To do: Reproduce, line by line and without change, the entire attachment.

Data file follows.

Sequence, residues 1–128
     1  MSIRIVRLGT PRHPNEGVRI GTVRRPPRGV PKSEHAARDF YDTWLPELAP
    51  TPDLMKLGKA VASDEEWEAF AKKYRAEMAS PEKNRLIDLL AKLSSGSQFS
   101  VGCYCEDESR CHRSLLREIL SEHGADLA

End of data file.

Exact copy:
Sequence, residues 1–128
     1  MSIRIVRLGT PRHPNEGVRI GTVRRPPRGV PKSEHAARDF YDTWLPELAP
    51  TPDLMKLGKA VASDEEWEAF AKKYRAEMAS PEKNRLIDLL AKLSSGSQFS
   101  VGCYCEDESR CHRSLLREIL SEHGADLA